Time Running Out for GED Students in Iowa & Around the Country
By Dave Franzman, Reporter
CEDAR RAPIDS, Iowa - Time is literally running out for thousands of Iowans hoping to earn a high school degree after high school.
The company offering the well-known GED, or General Educational Development exam, is changing the test. And after December 13, 2013, the current credits accumulated by students won’t count towards a degree.
Last year, 9,568 Iowans took the series of tests that, if passed, lead to a GED high school equivalency diploma. A total of 3,404 passed and received that degree. The GED Testing Service promises a new test in 2014 that will be both tougher and reflect more modern expectations of education. The new GED won’t be a paper exam and instead will be offered only as an online computer program. Because it’s such a major overhaul, any work left finished from 2013 or earlier won’t transfer as a credit. That means students who are only halfway done at the end of 2013 would have to start all over.
Cindee Taylor, 24, left high school without finishing seven years ago. But two more successful tests at Kirkwood Community College’s High School Completion Program and she’ll earn the equivalent of the degree she missed the first time around. On average, students going through Kirkwood’s GED program take one to six months to finish. An estimated 450 to 500 on average get degrees every year.
But Taylor admits with the deadline approaching, this isn’t the year to procrastinate and not finish the work. It’s something students talk about among themselves.
“It just gives more motivation for people to get in here and get it done. You know, it’s never too late,” Taylor said.
Marcel Kielkucki, director of Kirkwood’s High School Completion Program, said instructors have warned students for months that unfinished work won’t do them any good after December 13th. Students pay $125 for the program that includes a series proficiency tests in reading, writing, math and other skills. Iowa also requires GED students to participate in practice programs before attempting the actual exams.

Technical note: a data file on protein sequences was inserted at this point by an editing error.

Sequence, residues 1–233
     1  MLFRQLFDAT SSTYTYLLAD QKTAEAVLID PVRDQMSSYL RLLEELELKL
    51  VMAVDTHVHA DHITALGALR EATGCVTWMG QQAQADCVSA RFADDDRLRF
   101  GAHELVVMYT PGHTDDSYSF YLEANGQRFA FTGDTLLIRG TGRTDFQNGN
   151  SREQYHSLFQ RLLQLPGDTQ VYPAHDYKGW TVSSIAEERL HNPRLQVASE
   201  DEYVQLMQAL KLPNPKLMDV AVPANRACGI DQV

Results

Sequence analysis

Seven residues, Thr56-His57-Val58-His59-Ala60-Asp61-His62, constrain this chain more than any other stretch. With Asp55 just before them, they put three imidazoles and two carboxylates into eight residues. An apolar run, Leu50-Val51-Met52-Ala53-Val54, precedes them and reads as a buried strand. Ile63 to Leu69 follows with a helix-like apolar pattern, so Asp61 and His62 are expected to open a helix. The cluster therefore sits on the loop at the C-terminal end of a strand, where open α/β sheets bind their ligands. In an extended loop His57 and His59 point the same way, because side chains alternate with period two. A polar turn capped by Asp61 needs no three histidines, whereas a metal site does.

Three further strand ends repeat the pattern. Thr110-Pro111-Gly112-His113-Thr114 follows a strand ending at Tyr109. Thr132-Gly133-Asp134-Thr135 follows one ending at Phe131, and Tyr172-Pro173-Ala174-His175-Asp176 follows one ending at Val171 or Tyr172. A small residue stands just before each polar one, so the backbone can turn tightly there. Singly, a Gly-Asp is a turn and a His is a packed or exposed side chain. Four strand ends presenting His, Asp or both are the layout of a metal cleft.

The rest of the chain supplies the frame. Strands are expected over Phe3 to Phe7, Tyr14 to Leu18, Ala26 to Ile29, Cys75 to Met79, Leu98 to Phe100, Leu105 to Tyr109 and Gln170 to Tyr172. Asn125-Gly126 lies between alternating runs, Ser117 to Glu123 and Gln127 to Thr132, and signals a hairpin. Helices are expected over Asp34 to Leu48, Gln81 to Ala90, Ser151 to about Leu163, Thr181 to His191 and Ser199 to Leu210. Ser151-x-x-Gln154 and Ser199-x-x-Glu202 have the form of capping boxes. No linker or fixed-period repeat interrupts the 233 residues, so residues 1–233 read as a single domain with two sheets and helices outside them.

Kielkucki said as the cutoff date for a new test approaches, Kirkwood may counsel some students to just wait rather than trying to do the work too close to the deadline and risk losing time and money.
“We’re working on having some procedures in place that at a certain point in time we’re going to talk to students as they come in the door, look at where their skill levels are and talk to them about that options they have,” Kielkucki said.
Another Kirkwood instructor said that concern isn’t just the deadline alone. Connie Konigsmark, lead GED instructor said she also is concerned about the total switch from a paper exam to computerized testing.
“What I’ve noticed is students are very familiar with Facebook and different social media. But when it comes to saving a file, typing on a keyboard and using more than one or two fingers it can be difficult. So we are starting classes this summer to get them proficient on the keyboard so that they can make the transition,” she said.
Kielkucki said one common mistake is assuming the GED is just a generic term for a high school equivalency test. It’s actually a brand name for a company offering the best known exam. But some states, including Iowa, are looking for alternatives to see if there’s a cheaper option to a completely reconfigured GED in 2014. Kielkucki said Iowa officials haven’t made any decisions about a switch just yet.
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